Coffee is one of the world's most widely consumed beverages, yet it's effects are still debated. Scientists and epicurians have long made claims about this fragrant brew.
Will it kill you or make you live longer?
What makes the perfect cup? Is decaf really decaf? And who enjoyed the first cup of java? Find scientific answers to these questions and more inside. This article, originally published inwas updated in March to reflect the latest news, research and new facts. Despite its known plusses, coffee can be deadly.
But you'd have to drink 80 to cups in a hurry, health experts say. We advise not trying.
In Septemberthe FDA warned of the dangers of powdered caffeinea potent product that had recently burst into popularity. A plethora of separate studies inand found coffee is good for your livermay lower risk of heart attacksmight cut the risk of colon cancer and, as reported in the journal Circulation, one to five cups a day may generally reduce the risk of early death.
A study released in March, found coffee associated with a reduced risk of multiple sclerosis MS. Caffeine might boost sex drive.
It worked on rats anyway. But researchers say in humans, coffee might enhance the sexual experience only among people who are not habitual users. Moderate doses of caffeine — the equivalent of two cups of coffee— can cut post-gym muscle pain, a small study found.
But the research was done on people who were not regular coffee drinkers. A study in found those who drink coffee before sitting down to work at a computer had less neck and shoulder pain. There is not sufficient research, in big enough studies, to draw any firm conclusions on this possibility, however.
Health experts advise avoiding coffee for 6 hours before bedtime, since the effects of caffeine can last hours. Night shift workers may find coffee during work hours disrupts their daytime sleep, another study found.
Everything to know about coffee you drink five to 10 cups of decaffeinated coffee, you could get as much caffeine as from one or two cups of caffeinated coffee, a study found.
Beans are steamed, so that dissolved caffeine rises to the surface, where it is washed off using an organic solvent called methylene chloride. Caffeine is not the main bitter compound in coffee. Rather, the pungent perpetrators are antioxidants. When it comes to great flavor, coffee chemistry boils down to roasting and brewing. During roasting, oil locked inside the beans begins to emerge at around degrees. The more oil, the stronger the flavor. Caffeine content goes up as the water spends more time in contact with the grounds, so regular coffee often has more of it than espresso or cappuccino.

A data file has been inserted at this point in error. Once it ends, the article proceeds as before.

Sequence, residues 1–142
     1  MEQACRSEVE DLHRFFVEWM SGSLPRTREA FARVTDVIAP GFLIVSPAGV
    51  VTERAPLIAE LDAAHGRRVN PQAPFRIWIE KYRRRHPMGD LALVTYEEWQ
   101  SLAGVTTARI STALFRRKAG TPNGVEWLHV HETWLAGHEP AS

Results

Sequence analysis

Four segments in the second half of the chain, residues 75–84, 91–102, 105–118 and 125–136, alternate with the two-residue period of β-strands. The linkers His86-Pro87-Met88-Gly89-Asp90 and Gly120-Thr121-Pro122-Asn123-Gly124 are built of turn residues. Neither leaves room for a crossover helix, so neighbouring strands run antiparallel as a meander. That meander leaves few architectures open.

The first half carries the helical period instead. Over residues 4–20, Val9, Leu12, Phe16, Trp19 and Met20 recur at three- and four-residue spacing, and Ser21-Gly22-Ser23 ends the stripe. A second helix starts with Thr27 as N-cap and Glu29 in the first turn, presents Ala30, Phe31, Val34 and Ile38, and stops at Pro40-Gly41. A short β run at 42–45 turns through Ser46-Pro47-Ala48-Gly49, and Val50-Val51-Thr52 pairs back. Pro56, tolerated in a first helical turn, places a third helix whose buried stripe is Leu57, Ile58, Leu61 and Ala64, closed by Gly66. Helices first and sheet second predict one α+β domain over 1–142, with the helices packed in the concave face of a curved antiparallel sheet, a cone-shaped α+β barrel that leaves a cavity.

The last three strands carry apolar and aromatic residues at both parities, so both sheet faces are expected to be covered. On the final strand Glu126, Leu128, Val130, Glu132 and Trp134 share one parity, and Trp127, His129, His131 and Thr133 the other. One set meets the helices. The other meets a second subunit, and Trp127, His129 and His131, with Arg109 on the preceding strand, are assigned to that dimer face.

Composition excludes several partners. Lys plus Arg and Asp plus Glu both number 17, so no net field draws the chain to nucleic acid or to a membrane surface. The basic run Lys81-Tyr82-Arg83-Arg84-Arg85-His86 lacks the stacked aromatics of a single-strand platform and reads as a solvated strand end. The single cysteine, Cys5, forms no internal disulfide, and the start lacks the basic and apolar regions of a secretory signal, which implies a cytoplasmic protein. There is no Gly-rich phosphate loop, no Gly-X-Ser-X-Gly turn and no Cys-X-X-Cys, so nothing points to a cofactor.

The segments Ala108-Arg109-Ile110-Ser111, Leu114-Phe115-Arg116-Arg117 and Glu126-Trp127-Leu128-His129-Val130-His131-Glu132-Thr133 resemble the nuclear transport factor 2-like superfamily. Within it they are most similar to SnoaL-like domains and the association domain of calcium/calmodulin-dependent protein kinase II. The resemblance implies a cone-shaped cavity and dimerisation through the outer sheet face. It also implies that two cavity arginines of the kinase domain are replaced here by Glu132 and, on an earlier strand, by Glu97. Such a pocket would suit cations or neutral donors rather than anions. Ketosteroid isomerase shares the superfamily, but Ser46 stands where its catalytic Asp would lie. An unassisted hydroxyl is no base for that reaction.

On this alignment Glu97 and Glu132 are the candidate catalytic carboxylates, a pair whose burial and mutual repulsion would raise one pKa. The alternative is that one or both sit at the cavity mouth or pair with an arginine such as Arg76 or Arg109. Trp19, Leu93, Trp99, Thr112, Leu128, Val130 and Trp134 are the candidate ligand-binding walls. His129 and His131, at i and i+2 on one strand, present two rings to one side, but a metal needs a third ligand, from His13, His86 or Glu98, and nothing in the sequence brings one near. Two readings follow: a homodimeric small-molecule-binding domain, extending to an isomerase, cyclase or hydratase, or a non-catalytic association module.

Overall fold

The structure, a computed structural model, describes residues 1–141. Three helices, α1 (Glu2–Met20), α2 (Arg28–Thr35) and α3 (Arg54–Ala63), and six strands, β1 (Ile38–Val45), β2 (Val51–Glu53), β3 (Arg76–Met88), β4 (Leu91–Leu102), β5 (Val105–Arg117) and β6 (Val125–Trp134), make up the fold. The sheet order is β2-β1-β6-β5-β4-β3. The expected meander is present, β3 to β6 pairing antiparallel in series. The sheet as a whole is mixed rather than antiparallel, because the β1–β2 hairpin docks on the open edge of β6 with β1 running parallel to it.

Darker roasts also yield more caffeine. A millennium ago on a mountainside in Africa, a herd of goats kept a shepherd up at night after feasting on red coffee berries. The shepherd took his animals' discovery to some monks, and very long prayer sessions ensued. It's a good story, anyway. Bonus facts, since you made it all the way: A study shows that Americans get most of their antioxidants from their daily fix of java. One to two cups a day appear to be beneficial.
Or, if you don't like coffee, you could try black tea, the second most consumed antioxidant source.
Report everything to know about coffee naked gallery
Bananas, dry beans, and corn wrap up the top five. For the science geek in everyone, Live Science offers a fascinating window into the natural and technological world, delivering comprehensive and compelling news and analysis on everything from dinosaur discoveries, archaeological finds and amazing animals to health, innovation and wearable technology. We aim to empower and inspire our readers with the tools needed to understand the world and appreciate its everyday awe.
Coffee can be good for you. Caffeine might cut pain. Abdominal pain photo via Shutterstock. But watch those late night cups.
Sleepless woman image via Shutterstock. Decaf coffee has caffeine!
What causes coffee to be bitter? It's all in the roasting. Why goats are so important really!
Next Previous 1 of Live Science Staff, For the science geek in everyone, Live Science offers a fascinating window into the natural and technological Everything to know about coffee, delivering comprehensive and compelling news and analysis on everything from dinosaur discoveries, archaeological finds and amazing animals to health, innovation and wearable technology. Live Science Staff, on. If you learn one thing from us let it be this: coffee knowledge is not useless knowledge. It can be used for many things.
For instance, telling. We love coffee, but we all drink it differently. Find out everything you need to know about coffee, where it came from and its history across the.